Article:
A team of fifth-graders has qualified for the Global Finals of the Destination Imagination team, says the proud dad of one of its members.

According to Jonathan Lyons, seven students worked hard all year to score high enough in the Eastern Regional to advance to the state tournament.

They went on to the Global Finals.

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“It’s pretty amazing,” said Lyons, because only two teams from New York state in each division actually get to go.

Destination Imagination is an educational, non-profit organization that, Lyons said, “fosters students empowerment through hands-on, collaborative, project-based challenges.”

There are six “challengers” and each DI team picks one category from the list. 

According to Lyons, all elements of the challenge are researched, created, engineered, and performed entirely by the students.

Team managers and parents can help them learn the skills they need in order to accomplish their goals.

The Tough Tuskers have learned how to sew, code, solder, operate various power tools, apply mathematical concepts like “pi” and the Pythagorean theorem to building, create character arcs and story structures, and be “engaging performers.”

All “ideas and work must come from the kids,” Lyons said.

The Lyons’ 10-year-old son, Roan, said he’s super excited about the competition, which is being held in Kansas City.

His mom, Cameron, one of two DI team managers, said getting chosen for the tourney is “a really big honor.”

The kids have been working since last fall, but really got “fired up” motivation-wise after learning they were going to the Globals.

They started their own email group and have been generating ideas about how they can improve their project, she said.

The other manager is parent Xiaofei Fan.

Teams compete in an “instant challenge” on the day of competition.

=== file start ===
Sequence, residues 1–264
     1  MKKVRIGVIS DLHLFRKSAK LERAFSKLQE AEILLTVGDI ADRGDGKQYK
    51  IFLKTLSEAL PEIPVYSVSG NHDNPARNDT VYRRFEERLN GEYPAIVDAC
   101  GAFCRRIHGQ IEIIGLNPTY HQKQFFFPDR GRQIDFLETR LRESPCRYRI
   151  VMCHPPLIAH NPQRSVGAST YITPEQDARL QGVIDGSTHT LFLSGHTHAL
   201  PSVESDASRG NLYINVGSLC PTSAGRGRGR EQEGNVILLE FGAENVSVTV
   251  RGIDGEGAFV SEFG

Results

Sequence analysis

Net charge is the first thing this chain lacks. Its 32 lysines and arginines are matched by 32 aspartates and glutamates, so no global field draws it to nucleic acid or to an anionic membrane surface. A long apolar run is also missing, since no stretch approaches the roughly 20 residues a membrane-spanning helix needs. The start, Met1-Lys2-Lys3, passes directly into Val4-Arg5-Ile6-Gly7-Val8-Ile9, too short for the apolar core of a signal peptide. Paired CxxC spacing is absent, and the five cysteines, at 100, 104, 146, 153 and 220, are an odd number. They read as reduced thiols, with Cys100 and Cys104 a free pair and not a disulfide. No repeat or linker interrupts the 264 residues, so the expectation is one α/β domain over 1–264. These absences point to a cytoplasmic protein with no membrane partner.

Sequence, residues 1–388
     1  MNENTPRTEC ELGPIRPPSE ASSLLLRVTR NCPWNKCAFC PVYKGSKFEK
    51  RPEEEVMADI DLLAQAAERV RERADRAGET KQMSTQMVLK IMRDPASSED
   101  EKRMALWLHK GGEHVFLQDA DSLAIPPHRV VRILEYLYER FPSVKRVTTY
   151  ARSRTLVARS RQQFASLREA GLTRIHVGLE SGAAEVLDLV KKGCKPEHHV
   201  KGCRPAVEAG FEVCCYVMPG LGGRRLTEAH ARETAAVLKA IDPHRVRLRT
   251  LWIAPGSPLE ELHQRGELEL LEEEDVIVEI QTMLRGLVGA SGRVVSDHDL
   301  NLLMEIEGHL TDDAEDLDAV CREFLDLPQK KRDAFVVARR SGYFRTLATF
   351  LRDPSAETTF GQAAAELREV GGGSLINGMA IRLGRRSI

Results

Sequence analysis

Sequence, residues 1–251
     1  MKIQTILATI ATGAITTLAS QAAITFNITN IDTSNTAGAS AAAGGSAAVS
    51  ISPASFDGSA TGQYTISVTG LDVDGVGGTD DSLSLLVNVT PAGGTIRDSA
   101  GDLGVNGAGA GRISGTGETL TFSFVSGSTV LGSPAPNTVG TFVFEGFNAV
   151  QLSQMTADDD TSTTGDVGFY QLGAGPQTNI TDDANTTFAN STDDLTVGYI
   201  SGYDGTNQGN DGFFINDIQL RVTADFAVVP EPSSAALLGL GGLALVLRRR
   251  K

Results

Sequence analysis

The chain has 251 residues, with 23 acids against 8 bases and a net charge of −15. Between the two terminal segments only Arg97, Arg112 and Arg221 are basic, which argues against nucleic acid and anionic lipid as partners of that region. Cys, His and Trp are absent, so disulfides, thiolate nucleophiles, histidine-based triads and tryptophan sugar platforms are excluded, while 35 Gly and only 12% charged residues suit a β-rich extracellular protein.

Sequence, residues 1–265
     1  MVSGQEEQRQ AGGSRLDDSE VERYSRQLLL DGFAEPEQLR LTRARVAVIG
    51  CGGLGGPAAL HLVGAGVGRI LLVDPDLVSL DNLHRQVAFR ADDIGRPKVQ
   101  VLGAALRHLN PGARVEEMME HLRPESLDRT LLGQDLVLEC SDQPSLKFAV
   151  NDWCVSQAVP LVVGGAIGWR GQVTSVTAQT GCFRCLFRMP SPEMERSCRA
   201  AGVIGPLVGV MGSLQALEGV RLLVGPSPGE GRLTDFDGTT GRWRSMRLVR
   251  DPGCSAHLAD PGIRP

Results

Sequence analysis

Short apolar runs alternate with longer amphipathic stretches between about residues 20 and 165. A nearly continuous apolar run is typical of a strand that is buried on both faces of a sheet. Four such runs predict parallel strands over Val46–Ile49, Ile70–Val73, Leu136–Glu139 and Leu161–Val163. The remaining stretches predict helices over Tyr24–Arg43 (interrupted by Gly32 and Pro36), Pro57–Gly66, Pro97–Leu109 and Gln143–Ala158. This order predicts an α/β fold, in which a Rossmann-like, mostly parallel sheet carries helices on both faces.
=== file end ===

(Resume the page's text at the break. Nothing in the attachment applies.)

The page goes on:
According to Lyons, both of these challenges require “innovation, patience,  perseverance, creativity, teamwork, and collaboration.”

The “Tough Tuskers” chose engineering as their challenge.

This year, it’s called “Monster Effects,” Lyons said.

The team has to design and build a structure that is between 7.5 and 9 inches tall. It has to weigh less than 150 grams, or 5.2 ounces, and hold hundreds of pounds of weight.

The team must also engineer a special effect that is automatically triggered when weight is added to their structure and, most importantly,  “enhances the sudden appearance of a monster.”

They have only eight minutes to do all of this and the performance “must be engaging to watch,” Lyons said.

More than 8,000 students from 15 countries are expected to participate in the global challenge, Lyons said.

But it’s not all work and no play. Participants will be able to take part in other activities such as a costume and dance party, STEAM (science, technology, engineering, arts, math) workshops, and live music.

They will also be able to “make connections” with students from all over the world, Lyons said.

This wonderful opportunity to showcase Somers students’ talents does not come for free.

“Going to the Globals is ridiculously expensive,” Lyons said.

The team’s registration fee is $5,500.

And that doesn’t, he said, cover the cost of travel, food, and lodging for the team and its managers.

“For some families, this is going to be an impossible amount to cover without some financial support,” Lyons said.

The tournament takes place between May 22-26.

The team has launched a GoFundMe page and is working on a raffle, and other fundraisers, to cover the costs, Lyons said.

To help out, visit https://www.gofundme.com/somers-destination-imagination-global-finals